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Top-Up Loan Scheme deadline extended to help support more Māori SMEs during COVID-19

Applications for the Māori Trustee Top-Up Small Business Cashflow Loan Scheme has been extended to 31 December 2020.

Applications for the Māori Trustee Top-Up Small Business Cashflow Loan Scheme has been extended to 31 December 2020 to provide more small to medium-sized Māori enterprises with the opportunity to cover core operating costs and withstand the impact of COVID-19.

The Scheme was established in June, with $10 million set aside. So far, almost $1 million has been paid out to more than 120 Māori-owned SMEs.

The Māori Trustee, Dr Charlotte Severne, says the organisation acknowledges the hardship that many Māori SMEs are facing currently due to the impact of COVID-19, and wants to support as many of these businesses as possible through this difficult time.

“Cashflow is the life-blood of SMEs, especially right now – the COVID-19 situation is unpredictable and no-one knows how long or how far-reaching the impacts will be,” says Dr Severne.

“While some businesses may not be immediately impacted, the scheme can also be used as a contingency fund to help support them during unpredictable times – they don’t need to touch the money, but it’s there ready for them if they need it.”

To be eligible, Māori SMEs must have already received a Government Small Business Cashflow Loan administered by the IRD. They are able to apply for a further 50 per cent of that loan amount from the Māori Trustee, providing they can prove Māori ownership and meet other assessment criteria.

The loan terms are similar to the Government’s own scheme, making it simple to apply. No interest will be incurred if the loan is paid back within a year, otherwise interest will be charged at three per cent from the inception of the loan. No repayments are required for the first two years, but the loan must be repaid in full within five years.

Dr Severne says the Top-Up Scheme recognises the fact that Māori SME failure is likely to have a disproportionately negative impact on whānau because such businesses often have multiple owners.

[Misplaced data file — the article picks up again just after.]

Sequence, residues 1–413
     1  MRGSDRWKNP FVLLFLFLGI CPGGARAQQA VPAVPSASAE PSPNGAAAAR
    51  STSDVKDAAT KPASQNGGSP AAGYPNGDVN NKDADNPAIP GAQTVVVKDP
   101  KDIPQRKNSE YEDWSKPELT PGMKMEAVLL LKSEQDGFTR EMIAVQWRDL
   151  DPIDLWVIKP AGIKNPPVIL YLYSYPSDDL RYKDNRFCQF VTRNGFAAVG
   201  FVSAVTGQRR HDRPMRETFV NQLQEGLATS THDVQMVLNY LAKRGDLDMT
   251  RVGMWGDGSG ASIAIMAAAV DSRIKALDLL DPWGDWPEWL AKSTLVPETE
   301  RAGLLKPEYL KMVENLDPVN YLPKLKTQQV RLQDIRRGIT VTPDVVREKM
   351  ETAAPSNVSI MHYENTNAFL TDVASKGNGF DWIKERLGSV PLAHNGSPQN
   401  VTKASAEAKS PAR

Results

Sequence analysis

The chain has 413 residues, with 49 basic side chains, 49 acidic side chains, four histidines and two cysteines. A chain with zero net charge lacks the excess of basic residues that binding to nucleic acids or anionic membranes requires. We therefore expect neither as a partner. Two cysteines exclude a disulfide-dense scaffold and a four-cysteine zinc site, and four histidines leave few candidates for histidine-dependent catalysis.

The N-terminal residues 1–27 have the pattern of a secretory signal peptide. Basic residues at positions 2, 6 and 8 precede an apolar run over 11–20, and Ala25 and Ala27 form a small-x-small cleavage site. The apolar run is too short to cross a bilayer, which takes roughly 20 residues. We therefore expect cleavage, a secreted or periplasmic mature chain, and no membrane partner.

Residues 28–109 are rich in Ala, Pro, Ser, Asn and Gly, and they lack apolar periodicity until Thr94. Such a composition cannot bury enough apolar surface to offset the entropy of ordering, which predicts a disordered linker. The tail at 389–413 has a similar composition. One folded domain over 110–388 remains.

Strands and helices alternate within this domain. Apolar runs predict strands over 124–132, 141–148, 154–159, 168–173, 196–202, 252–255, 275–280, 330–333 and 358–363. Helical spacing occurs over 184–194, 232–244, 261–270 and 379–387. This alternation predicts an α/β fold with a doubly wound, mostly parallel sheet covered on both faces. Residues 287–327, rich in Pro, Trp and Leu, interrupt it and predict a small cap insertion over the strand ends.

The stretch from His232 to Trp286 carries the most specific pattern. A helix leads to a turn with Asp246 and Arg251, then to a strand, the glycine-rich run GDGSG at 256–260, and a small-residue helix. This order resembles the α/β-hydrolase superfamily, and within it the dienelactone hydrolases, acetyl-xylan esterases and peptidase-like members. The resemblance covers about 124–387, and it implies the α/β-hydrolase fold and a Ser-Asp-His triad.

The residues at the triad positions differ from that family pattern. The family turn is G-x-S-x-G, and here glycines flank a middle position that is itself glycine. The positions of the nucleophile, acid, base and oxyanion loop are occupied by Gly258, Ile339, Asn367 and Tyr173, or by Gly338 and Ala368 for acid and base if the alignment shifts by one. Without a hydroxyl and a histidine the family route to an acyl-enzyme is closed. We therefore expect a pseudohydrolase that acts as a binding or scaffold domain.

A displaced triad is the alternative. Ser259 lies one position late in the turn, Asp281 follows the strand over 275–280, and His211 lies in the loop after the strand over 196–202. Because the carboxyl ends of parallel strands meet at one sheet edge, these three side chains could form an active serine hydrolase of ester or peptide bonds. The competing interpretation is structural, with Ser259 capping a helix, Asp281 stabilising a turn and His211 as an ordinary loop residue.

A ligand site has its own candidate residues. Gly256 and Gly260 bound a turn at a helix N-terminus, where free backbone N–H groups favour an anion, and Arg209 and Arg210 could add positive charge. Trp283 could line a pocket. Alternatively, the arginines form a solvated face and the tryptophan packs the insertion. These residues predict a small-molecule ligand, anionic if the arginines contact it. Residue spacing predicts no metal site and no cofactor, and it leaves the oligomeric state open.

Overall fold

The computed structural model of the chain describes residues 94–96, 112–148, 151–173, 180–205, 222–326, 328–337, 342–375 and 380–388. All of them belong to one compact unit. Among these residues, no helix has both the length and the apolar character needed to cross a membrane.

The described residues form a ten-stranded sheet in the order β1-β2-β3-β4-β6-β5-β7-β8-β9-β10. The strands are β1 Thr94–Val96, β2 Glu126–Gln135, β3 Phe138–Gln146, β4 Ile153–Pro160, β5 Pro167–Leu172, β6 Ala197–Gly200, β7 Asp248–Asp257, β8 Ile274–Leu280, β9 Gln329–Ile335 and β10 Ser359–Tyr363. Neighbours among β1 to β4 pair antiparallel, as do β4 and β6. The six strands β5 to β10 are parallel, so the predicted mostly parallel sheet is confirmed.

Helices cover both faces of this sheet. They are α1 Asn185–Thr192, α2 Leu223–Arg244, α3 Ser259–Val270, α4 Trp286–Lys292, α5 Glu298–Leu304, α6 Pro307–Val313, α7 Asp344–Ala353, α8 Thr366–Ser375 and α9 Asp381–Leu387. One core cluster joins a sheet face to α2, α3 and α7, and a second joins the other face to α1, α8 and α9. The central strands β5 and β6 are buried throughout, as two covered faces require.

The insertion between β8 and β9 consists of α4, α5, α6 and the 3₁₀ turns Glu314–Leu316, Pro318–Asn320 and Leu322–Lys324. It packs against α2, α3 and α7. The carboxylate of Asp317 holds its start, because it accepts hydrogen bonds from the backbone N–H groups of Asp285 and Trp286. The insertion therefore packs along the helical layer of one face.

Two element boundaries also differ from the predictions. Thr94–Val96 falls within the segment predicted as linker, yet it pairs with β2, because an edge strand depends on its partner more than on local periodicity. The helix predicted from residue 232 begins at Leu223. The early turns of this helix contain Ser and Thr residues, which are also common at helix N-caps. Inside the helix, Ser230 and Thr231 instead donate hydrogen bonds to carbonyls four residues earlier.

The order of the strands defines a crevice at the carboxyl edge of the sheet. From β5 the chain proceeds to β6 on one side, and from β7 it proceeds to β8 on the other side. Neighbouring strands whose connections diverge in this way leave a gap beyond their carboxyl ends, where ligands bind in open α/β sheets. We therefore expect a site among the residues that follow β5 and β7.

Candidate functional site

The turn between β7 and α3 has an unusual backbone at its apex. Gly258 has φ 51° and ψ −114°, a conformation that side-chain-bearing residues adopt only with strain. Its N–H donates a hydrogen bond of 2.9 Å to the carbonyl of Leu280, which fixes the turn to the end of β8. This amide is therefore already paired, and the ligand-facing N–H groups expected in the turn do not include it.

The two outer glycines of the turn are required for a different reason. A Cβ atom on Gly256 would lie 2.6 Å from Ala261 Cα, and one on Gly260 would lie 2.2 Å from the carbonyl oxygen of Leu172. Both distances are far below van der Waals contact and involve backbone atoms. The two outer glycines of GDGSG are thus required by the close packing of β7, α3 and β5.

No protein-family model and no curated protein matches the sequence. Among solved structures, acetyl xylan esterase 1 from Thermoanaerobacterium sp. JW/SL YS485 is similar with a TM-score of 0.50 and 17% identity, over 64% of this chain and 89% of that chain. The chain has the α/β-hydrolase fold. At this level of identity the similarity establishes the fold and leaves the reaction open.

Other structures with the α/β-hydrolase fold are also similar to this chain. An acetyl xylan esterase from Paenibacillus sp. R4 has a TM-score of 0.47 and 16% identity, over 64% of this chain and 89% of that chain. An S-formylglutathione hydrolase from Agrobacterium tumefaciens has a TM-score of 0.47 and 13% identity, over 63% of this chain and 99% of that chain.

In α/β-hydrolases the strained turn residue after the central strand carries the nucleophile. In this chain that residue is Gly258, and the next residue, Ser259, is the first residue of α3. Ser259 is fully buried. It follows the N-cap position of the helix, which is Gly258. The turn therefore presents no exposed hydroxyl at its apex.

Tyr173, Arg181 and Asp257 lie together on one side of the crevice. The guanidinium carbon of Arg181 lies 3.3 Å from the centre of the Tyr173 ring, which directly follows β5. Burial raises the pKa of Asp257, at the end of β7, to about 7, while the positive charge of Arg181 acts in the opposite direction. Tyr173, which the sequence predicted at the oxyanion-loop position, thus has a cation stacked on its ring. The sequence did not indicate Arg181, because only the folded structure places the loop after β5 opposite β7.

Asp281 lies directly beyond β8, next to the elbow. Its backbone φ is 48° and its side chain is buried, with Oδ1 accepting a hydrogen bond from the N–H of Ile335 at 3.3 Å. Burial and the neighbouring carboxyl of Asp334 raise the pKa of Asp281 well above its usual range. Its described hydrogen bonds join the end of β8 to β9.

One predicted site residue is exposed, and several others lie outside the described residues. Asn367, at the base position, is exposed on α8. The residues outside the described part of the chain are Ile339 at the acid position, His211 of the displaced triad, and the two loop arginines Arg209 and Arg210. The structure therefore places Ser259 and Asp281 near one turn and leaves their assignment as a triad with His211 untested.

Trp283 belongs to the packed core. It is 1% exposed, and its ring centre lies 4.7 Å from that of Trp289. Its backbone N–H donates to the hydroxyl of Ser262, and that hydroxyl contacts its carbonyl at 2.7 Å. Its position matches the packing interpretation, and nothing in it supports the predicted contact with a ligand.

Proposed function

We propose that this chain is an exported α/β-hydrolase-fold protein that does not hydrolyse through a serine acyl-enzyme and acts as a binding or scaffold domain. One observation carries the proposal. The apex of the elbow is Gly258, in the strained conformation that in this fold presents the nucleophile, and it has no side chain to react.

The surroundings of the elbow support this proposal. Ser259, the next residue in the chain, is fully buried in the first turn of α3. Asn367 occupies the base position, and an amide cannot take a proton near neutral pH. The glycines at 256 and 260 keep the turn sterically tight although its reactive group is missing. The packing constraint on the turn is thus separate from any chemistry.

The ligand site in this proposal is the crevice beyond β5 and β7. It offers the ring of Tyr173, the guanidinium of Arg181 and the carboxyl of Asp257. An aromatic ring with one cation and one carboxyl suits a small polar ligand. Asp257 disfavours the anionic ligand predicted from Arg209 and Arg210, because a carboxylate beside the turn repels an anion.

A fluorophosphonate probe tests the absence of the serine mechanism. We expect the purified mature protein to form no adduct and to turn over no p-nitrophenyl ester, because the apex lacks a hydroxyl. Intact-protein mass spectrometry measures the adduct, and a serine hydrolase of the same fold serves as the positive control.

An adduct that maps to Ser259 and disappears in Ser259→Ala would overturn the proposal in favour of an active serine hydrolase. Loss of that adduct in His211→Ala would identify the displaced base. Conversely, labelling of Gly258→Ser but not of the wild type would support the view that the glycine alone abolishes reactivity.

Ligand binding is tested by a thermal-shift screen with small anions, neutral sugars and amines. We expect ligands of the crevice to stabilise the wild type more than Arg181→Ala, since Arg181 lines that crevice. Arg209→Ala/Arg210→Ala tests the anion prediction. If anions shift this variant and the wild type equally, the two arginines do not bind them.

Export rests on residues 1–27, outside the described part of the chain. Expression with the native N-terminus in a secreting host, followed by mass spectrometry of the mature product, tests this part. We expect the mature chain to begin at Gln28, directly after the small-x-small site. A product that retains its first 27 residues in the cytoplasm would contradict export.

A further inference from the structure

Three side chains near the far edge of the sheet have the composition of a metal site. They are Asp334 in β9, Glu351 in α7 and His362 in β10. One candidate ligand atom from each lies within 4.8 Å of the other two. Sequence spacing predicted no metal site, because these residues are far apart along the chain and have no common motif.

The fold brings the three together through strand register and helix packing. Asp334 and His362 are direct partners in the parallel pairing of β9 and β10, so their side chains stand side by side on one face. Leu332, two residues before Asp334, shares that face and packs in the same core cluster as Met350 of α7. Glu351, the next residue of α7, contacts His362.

“Māori SMEs are a fundamental expression of Māori entrepreneurship and identity,” she says. “They are a source of pride and sustain our people and our communities and we want to be able to support as many Māori SMEs as possible through this difficult time.”

The Top-Up Loans will be advanced from the Māori Trustee’s General Purposes Fund, a fund administered by the Māori Trustee for the benefit of Māori under the Māori Trustee Act 1953.

Lee-Anne Jago’s family-owned tourism business, Waka Abel Tasman, has successfully applied for a Top-Up Loan to help them get through the upcoming summer season. The business provides kaupapa Māori-based tours around Abel Tasman in a double hulled waka and 40 per cent of their clientele are normally international tourists.

“We haven’t yet felt the full impacts of COVID-19, as we were lucky in a sense that COVID-19 arrived at the tail end of summer,” she explains.

“We had a really busy summer season, so made enough to cover the generally quieter winter months.

“We still applied for the Top-Up Loan Scheme so that we could have comfort in knowing that if the situation doesn’t improve next year, the money is there, sitting in the bank, interest-free, and we have the flexibility to use it if we need to,” says Ms Jago.

“My advice to other Māori SMEs is to take the opportunity to apply for a Top-Up Loan while it’s available – things can change at the drop of a hat, and you never know when you’ll need that extra bit of help. Don’t use the money unless you need it, but have it sitting there, ready to go,” says Ms Jago.

Applications will remain open until 31 December 2020, or until the $10 million available has been entirely committed to eligible applicants. Processing times range from four to eight weeks, and once approved, loans will be paid within five working days.

For media enquiries, contact:

Ariane Adam
022 431 5872

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